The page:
It stands to reason that those writing topical weekly newspaper columns should avoid making too much reference to their ignorance on any subject under examination, but I fear this week might well be an exception to prove the rule.
I seem to waste a lot of my thinking time wondering about the merits or otherwise of the baffling range of systems available to us on mobile phones, giving instant communication to anyone anywhere in the world.
Describing this as a social revolution is no exaggeration, as mobile phones have opened up person-to-person communication to the extent that I occasionally see quite small children passing my home with a mobile phone pressed to an ear; just a sign of the times I suppose.
I’m OK on the internet and hopeless at texting, the rest is all mumbo-jumbo to me, my main preference being to write a letter if I have anything to say, although to be fair my arthritic handwriting has often been likened to a draft copy of the Dead Sea Scrolls.
When I was of a similar age to these youthful tweeter and texters, some time had yet to pass before I actually made a telephone call to anyone.
I remember the first call I made as a lad – it was to my grandfather to wish him a happy 80th birthday.
Installed in a neighbour’s house, the device in question, was, believe it or not, one of those strange telephones consisting of a black bakelite base with a round shiny dial, a vertical stalk with a speaking bit at the top, with a cloth-covered cord leading to an earpiece that one pressed to the lug of one’s choice; just like in the old black and white movies.
Since Grandfather was a person who shunned such new fangled things as phones, our conversation seemed to start off with caller and called bellowing “hello ... hello” at each other several times, before a prompting parent urged me to wish the aged one a happy birthday, receiving a curt acknowledgement before the telephone was snatched away and I was sharply told to buzz off.
That suited me fine as by that time I had reached the ceiling of my technical confidence and was eager for a chance to bolt.
Like most other families in the village we had no phone in our own house.
That did not arrive until the mid 1960s, by which time the younger members of our family were dispersed to various places and countries, creating the need for a phone to keep in touch.
If I recall correctly, the telephone bills were not very big as it was something of a family creed that if somebody was out of hollering range they were well out of mind, and it remained so until well after I left home for the Army.
It was often the rule for junior soldiers leaving camp to possess four old pennies, the big copper jobs, with which they could contact the guard room if they came unstuck in any way.
The guard room staff might require you to prove you knew the right telephone number, but by and large this rarely caused problems as a call for help in dire circumstances might result in the duty driver coming to your rescue, although there were always repercussions.
The only benefit came if an extended dalliance with one of the charming young ladies of Kilmarnock, Irvine or Troon continued after the last bus back to camp, in which case calling in to announce that fact might, and only might, persuade the duty sergeant that you had made an effort to rectify the dangerous situation of being at liberty after the return deadline.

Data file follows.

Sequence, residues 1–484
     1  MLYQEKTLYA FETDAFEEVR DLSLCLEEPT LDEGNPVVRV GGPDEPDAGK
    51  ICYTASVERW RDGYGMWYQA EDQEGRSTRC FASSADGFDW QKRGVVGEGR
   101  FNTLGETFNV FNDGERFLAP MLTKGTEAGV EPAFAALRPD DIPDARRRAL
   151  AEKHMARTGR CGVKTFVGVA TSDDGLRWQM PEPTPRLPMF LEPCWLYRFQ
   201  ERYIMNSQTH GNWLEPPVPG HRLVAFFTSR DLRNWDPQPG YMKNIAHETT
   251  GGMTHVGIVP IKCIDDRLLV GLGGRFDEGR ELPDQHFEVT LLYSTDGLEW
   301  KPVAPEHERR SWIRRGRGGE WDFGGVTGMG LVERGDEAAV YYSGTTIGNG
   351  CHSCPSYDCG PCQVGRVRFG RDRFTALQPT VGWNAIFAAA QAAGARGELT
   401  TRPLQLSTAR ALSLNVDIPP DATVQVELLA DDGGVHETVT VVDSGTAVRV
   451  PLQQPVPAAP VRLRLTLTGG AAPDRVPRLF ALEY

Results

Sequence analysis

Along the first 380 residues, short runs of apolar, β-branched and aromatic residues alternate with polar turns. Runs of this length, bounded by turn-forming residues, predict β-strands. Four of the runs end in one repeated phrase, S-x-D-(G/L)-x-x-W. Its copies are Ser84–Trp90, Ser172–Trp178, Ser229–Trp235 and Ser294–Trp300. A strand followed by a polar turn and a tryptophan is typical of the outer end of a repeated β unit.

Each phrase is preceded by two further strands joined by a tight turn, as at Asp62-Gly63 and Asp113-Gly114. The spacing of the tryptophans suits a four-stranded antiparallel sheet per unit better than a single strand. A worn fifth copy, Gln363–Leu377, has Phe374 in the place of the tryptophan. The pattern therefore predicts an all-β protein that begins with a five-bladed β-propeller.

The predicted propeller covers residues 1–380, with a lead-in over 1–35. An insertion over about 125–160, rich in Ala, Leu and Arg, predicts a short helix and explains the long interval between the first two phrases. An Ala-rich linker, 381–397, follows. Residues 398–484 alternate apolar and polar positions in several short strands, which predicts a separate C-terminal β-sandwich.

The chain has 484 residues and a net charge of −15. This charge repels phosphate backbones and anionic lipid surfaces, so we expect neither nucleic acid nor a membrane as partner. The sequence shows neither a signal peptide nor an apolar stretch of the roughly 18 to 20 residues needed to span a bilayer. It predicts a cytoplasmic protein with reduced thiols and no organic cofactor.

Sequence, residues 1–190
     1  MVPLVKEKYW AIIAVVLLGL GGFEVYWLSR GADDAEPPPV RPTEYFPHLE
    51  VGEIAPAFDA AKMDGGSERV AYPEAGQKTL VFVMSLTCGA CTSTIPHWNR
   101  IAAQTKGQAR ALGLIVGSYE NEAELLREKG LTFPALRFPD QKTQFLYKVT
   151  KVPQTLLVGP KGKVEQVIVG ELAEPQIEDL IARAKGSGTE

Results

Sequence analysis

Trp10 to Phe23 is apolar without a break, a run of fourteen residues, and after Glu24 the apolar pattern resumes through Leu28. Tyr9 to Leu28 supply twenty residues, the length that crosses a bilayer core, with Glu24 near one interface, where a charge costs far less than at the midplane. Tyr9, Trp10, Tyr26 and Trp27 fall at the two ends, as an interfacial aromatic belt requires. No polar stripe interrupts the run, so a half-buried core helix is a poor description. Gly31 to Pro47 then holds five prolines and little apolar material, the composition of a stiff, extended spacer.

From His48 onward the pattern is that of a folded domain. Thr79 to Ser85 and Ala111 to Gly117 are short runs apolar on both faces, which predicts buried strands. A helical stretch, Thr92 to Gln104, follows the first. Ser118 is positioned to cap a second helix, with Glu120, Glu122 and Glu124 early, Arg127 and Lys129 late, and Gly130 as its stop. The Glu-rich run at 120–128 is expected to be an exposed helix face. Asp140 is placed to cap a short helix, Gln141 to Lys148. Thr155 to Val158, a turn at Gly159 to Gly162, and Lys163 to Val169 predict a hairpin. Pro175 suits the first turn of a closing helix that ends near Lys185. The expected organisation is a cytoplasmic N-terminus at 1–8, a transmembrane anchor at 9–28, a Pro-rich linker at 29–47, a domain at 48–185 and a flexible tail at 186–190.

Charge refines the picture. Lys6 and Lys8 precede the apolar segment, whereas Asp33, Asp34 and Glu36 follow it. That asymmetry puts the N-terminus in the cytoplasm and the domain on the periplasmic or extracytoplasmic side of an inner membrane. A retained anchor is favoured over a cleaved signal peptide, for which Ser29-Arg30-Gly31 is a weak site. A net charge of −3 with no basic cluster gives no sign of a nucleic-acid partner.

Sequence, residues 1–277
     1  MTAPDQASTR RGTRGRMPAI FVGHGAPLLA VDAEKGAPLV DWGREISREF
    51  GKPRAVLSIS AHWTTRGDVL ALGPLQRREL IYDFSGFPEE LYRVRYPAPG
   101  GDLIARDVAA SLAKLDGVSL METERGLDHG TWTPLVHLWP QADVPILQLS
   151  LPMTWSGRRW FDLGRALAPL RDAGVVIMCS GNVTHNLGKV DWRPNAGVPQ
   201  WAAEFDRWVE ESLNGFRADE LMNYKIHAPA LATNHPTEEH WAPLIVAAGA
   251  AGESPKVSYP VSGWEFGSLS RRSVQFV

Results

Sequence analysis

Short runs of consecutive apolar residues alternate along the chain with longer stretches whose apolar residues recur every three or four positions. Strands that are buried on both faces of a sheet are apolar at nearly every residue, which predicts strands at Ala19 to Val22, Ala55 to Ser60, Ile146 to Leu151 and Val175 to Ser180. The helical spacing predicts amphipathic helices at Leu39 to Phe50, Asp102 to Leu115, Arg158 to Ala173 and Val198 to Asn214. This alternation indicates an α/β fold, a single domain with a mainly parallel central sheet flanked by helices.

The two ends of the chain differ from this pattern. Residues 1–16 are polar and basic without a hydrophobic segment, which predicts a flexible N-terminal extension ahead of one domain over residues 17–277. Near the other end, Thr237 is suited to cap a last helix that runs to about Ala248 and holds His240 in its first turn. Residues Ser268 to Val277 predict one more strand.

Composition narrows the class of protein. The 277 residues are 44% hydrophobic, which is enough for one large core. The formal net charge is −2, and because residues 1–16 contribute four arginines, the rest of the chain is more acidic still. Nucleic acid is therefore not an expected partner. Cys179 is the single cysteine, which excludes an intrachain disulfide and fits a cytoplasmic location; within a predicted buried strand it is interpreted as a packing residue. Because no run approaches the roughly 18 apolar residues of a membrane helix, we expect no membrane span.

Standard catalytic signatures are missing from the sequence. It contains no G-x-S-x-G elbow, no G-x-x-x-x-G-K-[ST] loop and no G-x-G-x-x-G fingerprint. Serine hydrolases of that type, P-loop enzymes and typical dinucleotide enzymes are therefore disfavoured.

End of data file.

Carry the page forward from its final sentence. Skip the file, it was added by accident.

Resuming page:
After walking the long miles back to camp, assuming no lift from friendly Ayrshire folk of which there were many, the reception at the guard room could be frosty, although some sergeants seemed fascinated to know the intimate details of the late returner’s evening.
In the strange world of military morality, social success of a certain kind was considered mitigation for the terrible crime of being late.
But that is all in the past; what appears to be a majority of the world’s population are now constantly in touch by a wide range of electronic marvels, most of which are to me a complete mystery.
Being something of a social pariah has its advantages in that few people other than cold callers have any great desire to contact me, and the feeling is quite mutual.
But man oh man, why is it so many people in the public eye seem hell-bent on circulating their thoughts in a way that is almost certain to land them in the poo.
It seems one of the less attractive features of being a professional footballer, perchance a cricketer, is a compulsion to transmit via a tweet or similar something nasty about anything or anyone that pushes their personal irritation button.
Needless to say, the object of their displeasure soon gets to hear of it and sets the grievance ball rolling without delay.
Sport, politics and racism are high on the list of tricky subjects, but there are many others.
Thus we see the practice of broadcasting one’s deepest thoughts can be risky; it is all too easy to post an acerbic comment or two, only to realise it was not your best idea of the day; and you can’t easily get it back.
It could be the case we should adopt a habit of saying or transmitting less, and certainly inserting a suitable pondering pause between thinking up something we consider either pertinent or clever, then committing it to the airwaves.
I am reminded of the wise old saying that well-timed silence has greater eloquence than speech; for many who are currently in the public gaze this must surely be good advice, especially when speaking to plebs.